Since 1978, lead has been banned in paint in the U.S. However, especially in a city like San Francisco that has a tremendous amount of older housing stock, decades of lead-based paint still exists in many buildings. Over time, paint breaks down and is worn away. This results in dust and paint chips being released into the environment. As every parent knows, small children will put anything in their mouths, including paint chips. Furthermore, lead was a constituent ingredient in many plumbing products. When it degrades, it can enter the water supply, thereby serving as another method of introduction into the bodies of children. Finally, lead can accumulate in the dirt on the grounds of a dwelling as it sloughs off exterior painted surfaces.  The dirt can then get ingested directly or brought into the house and incidentally ingested.

daniel-monteiro-413416-copy-199x300Surprisingly to most drivers in California, the state does not require drivers to have liability insurance. What the law does require, however, is that a motorist be able to show financial responsibility. There are four ways by law that a motorist can do this. The motorist must either have a:

  • Motor vehicle liability insurance policy
  • Cash deposit of $35,000 on file with the DMV

jared-erondu-8130-copy-300x200California law guarantees tenants habitable conditions when they rent or lease from a landlord.  It is possible, due to the conditions of the rented unit, that a tenant will determine he or she simply can not live there anymore and vacate the unit. What rights does the tenant have if this occurs?

Guarantee of Habitability

California law guarantees that a landlord only rents or leases units that are considered habitable. This simply means that the dwelling is fit for a person to live there. However, the law is quite specific as to what it means for a dwelling to be considered “habitable.” California Civil Code requires that landlords must ensure that certain conditions exist before leasing a unit to a tenant including:

christian-langballe-78684-copy-300x200California passed a law in 1991 to give additional protections to the elderly known as the Elder Abuse and Dependent Adult Civil Protection Act (EADACPA). It was put into place with the knowledge and understanding that the elderly that are under the care of others are especially dependent on the care they receive and often are in situations in which they lack the ability to protect themselves. This leads to the question, then, of what type of caretaker relationship is necessary to hold someone liable under the law?

California’s Elder Abuse Law

California has enacted laws that specifically criminalize elder abuse and that also allow for civil remedies. The civil provisions of the EADACPA are found in Chapter 11 of the Welfare and Institutions Code. It protects the elderly from physical abuse, neglect, or fiduciary abuse. The law defines an elder as any California resident 65 years of age or older. Physical abuse is defined to include:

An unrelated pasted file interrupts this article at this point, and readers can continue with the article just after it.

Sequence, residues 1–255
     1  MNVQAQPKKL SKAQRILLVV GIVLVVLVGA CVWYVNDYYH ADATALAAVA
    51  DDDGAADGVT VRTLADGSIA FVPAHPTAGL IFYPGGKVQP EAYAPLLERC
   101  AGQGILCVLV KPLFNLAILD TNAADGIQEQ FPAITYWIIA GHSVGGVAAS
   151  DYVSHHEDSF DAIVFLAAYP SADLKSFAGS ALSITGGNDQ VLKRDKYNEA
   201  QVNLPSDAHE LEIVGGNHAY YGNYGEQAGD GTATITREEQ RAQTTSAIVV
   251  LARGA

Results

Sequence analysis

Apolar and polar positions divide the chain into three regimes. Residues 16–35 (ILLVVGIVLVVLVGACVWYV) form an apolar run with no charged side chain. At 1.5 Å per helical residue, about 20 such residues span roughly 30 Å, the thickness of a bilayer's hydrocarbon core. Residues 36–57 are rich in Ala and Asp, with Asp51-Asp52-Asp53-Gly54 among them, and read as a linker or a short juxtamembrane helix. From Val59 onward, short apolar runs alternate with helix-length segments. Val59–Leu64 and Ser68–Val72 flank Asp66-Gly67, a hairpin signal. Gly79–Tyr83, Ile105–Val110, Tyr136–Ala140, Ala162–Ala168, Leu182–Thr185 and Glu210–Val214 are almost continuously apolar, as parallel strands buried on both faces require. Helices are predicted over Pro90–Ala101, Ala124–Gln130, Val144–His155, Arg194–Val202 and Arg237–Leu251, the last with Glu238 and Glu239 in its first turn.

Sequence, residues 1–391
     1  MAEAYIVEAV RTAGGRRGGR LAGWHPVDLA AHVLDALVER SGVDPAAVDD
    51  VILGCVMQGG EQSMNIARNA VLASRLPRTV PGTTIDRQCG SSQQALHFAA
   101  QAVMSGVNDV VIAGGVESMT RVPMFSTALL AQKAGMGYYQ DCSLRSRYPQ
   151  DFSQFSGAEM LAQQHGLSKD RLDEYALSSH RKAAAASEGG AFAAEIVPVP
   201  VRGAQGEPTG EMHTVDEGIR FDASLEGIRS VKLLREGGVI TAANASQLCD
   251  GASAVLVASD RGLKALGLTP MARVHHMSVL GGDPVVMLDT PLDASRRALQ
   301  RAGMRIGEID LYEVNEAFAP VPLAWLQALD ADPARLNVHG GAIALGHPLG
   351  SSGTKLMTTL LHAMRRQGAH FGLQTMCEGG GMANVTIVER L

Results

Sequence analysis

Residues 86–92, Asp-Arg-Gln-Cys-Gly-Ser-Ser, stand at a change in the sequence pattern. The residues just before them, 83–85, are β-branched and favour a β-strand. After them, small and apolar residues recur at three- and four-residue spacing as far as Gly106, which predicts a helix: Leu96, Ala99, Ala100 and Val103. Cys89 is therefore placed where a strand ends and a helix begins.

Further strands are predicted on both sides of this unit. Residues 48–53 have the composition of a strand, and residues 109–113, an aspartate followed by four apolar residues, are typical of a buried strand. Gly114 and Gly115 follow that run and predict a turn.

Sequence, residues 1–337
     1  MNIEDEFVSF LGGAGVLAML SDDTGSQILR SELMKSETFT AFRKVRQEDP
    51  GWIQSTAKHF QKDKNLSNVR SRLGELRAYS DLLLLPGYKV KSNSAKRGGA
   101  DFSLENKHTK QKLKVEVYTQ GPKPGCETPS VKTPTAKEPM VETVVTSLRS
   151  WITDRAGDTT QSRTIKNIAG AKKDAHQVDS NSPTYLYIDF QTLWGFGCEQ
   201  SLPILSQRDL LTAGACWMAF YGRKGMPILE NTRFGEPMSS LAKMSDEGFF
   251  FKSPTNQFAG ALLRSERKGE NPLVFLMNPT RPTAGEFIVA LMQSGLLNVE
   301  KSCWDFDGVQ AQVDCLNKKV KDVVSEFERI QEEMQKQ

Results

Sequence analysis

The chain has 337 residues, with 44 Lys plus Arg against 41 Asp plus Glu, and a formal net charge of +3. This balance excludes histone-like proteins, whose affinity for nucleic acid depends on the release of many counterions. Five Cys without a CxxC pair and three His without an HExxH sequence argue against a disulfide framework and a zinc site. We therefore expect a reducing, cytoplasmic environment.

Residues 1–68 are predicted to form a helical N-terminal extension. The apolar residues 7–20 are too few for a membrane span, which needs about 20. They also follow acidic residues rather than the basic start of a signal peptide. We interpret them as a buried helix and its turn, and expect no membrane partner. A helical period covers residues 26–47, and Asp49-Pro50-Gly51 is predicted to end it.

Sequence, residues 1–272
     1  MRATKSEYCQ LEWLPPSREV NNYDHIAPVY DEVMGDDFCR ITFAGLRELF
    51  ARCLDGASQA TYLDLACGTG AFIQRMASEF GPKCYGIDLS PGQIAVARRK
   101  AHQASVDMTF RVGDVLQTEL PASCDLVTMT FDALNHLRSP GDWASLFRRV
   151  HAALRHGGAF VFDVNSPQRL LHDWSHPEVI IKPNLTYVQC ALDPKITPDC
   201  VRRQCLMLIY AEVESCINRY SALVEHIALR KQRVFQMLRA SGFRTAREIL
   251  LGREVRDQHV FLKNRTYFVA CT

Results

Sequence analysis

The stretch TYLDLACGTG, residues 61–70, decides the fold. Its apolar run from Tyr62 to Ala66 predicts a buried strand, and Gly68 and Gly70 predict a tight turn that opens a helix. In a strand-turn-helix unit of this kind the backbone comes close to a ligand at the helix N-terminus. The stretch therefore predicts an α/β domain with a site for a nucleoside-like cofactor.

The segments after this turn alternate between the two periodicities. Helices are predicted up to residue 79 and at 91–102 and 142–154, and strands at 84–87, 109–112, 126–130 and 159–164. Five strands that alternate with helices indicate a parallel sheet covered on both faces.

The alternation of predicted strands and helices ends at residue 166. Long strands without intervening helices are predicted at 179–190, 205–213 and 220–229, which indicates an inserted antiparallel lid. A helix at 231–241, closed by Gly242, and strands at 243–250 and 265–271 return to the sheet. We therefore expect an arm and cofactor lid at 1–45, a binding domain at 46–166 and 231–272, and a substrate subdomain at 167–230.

lili-popper-29464-300x169The rights of tenants in San Francisco are protected by the San Francisco Rent Ordinance Act and the Rent Board it created. Generally, the Rent Board controls what landlords can charge, how the eviction process works, and how rentals must be re-marketed if an eviction has occurred in the past. However, there is a state law called the Ellis Act that can negatively impact tenants and bypass many of the rights guaranteed by the Rent Board.

What is the Ellis Act?

The Ellis Act is a California law that was passed in 1985 in response to the California Supreme Court case of Nash v. The City of Santa Monica as a way to allow landlords to evict tenants by essentially “going out of business.” Essentially, the Ellis Act is often practically applied when a landlord wants to withdraw all of the units in a multi-family building from the market either to divest themselves of the property or to turn the building into a condominium. At first blush, the Ellis Act seems to give landlords the right to evict tenants for the owner’s profit, which it certainly does, but it also provides a complex process that landlords must follow before they can withdraw a building from the market.

scott-webb-386701-copy-202x300In California, landlords have a duty to ensure that residences are “fit for human occupancy,” and that any necessary repairs are taken care of. Despite these laws, however, it is not uncommon for tenants to walk into an uninhabitable apartment for which they have already signed the contract and paid. If you find yourself in a situation like this, contact the landlord-tenant attorneys at Willoughby Brod and seek out the help you need to regain habitable living quarters.

What an Uninhabitable Residence Looks Like

Just because something is broken or malfunctioning in your apartment does not mean that it is uninhabitable. However, California law does assign a broad spectrum of responsibilities to landlords when it comes to ensuring that a property is habitable, including the following: